In the past week, I’ve come across several stories that highlight isolated successes or intriguing ideas that are being implemented on a small scale. Here’s a quick recap:
It would be run by a solar battery, which would suffice for a journey of 70 km. The battery would take five hours to be charged with the help of solar panels in the charging unit which will be functional above the Delhi metro stations, an official of the city government said.
Of the 183 who have been employed, around 75 per cent are women. Rather than a monthly salary, the women are paid per tonne of garbage collected. As an added incentive, they can sell the recyclable material of the garbage in the market.
But is the system fair (especially to the rag pickers)? The article paints a rosy picture, and it would be interesting get a sense of what the reality is on the ground.
We realized that all these problems were stemmed from the fact that the people of the region were unable to express themselves and speak freely about the problems that they were facing. So, setting up a radio programme seemed like a good way to give a voice to the voiceless. A programme for the villagers and by the villagers that would not only address their issues and make them more aware, but would also reach out to other people who could make a difference to their lives.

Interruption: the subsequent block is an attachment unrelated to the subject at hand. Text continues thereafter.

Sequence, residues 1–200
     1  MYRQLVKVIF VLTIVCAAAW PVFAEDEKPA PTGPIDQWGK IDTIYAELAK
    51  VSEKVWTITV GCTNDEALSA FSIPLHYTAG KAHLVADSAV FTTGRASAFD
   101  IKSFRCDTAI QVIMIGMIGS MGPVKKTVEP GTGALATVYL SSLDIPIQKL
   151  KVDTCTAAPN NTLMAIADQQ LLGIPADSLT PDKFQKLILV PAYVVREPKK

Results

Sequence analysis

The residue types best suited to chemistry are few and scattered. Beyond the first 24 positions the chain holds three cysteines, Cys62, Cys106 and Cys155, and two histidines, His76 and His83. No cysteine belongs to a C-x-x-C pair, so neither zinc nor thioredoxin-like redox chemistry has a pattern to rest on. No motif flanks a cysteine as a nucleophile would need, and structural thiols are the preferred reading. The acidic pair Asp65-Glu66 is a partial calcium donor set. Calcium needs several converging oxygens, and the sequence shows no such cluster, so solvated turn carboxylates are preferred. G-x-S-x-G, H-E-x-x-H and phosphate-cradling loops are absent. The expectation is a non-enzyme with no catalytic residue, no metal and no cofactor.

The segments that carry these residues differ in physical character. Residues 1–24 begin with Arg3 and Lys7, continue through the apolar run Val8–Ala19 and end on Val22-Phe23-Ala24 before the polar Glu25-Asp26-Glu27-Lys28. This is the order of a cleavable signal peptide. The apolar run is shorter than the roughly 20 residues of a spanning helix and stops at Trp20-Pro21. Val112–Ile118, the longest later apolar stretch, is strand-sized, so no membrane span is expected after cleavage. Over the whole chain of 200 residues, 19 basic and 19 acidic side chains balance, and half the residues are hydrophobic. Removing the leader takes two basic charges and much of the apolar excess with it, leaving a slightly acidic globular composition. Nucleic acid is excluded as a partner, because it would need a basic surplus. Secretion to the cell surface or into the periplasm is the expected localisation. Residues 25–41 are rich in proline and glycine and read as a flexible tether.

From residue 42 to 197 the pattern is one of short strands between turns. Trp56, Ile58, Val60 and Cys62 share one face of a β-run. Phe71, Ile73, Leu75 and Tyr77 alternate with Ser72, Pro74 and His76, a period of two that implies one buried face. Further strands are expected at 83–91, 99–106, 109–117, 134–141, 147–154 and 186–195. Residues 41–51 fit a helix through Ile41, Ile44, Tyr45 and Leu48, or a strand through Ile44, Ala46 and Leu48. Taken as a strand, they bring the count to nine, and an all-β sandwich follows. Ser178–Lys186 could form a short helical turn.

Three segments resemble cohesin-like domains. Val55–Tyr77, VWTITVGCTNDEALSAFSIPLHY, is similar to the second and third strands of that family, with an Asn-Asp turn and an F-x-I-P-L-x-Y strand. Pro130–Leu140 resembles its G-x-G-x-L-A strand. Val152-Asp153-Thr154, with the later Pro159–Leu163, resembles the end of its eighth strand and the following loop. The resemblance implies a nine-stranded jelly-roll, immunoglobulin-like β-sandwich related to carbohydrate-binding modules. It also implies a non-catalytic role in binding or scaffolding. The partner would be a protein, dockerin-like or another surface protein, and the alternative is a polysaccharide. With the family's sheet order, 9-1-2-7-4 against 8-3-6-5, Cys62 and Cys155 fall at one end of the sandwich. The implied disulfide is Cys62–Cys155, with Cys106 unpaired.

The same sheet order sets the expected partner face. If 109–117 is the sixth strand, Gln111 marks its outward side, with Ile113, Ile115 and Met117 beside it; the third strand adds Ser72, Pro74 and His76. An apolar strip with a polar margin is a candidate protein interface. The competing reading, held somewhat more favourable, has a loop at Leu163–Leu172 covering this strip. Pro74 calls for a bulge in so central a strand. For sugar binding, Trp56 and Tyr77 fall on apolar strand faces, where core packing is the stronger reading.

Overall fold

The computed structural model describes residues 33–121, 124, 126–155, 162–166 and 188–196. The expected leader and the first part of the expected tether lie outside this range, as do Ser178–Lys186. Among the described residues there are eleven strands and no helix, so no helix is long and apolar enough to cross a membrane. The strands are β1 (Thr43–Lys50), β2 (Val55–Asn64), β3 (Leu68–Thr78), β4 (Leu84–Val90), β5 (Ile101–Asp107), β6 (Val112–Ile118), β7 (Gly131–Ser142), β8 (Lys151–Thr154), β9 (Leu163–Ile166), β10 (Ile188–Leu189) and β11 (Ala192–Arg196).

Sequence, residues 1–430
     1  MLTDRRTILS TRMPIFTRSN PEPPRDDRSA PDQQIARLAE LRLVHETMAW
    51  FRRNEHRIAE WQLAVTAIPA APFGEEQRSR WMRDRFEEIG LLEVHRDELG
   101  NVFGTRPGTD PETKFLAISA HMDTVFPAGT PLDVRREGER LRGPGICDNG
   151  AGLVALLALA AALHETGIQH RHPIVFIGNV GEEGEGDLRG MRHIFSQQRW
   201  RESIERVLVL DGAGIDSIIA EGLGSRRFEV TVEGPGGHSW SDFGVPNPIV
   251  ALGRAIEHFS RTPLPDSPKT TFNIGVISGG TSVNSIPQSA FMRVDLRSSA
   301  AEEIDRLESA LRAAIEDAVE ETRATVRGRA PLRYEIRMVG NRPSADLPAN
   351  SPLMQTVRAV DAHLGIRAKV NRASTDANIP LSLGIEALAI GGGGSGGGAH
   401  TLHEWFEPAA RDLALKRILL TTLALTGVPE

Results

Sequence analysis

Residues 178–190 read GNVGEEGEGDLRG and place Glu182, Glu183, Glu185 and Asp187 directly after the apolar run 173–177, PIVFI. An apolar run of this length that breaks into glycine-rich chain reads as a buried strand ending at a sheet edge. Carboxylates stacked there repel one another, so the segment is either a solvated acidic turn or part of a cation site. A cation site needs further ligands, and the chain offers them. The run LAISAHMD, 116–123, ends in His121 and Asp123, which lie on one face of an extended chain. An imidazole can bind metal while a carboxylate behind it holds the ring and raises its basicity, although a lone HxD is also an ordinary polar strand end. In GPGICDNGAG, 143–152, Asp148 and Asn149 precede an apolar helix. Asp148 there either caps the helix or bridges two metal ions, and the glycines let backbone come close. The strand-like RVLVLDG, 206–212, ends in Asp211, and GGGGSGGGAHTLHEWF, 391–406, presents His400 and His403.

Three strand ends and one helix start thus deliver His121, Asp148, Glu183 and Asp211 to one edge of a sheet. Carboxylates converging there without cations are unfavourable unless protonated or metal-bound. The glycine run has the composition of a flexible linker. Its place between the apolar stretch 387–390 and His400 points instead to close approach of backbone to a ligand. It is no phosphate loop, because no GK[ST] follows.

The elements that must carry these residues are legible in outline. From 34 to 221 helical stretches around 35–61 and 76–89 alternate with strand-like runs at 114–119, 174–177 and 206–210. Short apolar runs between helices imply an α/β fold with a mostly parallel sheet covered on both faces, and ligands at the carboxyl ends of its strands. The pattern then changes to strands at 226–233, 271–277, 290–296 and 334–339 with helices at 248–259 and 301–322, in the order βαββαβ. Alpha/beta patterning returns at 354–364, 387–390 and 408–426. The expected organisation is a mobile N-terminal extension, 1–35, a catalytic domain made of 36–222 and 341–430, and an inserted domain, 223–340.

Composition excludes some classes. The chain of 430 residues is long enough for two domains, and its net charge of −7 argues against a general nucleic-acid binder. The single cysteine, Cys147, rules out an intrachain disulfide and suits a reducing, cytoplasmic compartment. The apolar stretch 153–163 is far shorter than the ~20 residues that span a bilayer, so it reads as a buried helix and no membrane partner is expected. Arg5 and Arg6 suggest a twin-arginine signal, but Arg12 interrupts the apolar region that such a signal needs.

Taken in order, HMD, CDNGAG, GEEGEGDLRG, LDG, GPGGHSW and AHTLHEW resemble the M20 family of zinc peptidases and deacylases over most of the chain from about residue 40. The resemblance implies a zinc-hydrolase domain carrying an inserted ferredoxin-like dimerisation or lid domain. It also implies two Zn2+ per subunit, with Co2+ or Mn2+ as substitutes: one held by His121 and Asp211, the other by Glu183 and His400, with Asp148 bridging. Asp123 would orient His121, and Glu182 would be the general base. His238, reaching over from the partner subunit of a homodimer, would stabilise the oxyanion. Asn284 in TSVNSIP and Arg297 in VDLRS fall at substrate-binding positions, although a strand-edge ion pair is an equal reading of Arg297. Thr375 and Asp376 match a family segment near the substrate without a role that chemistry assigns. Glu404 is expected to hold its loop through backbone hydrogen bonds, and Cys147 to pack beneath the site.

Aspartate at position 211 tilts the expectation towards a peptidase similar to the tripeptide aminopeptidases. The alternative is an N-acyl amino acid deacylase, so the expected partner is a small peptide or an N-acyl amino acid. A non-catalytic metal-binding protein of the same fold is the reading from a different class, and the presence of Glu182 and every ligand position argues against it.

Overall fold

As with many solutions to social issues, these approaches are taking place as pilots or for specific regions and populations – but all are encouraging and may shed light for the bigger picture.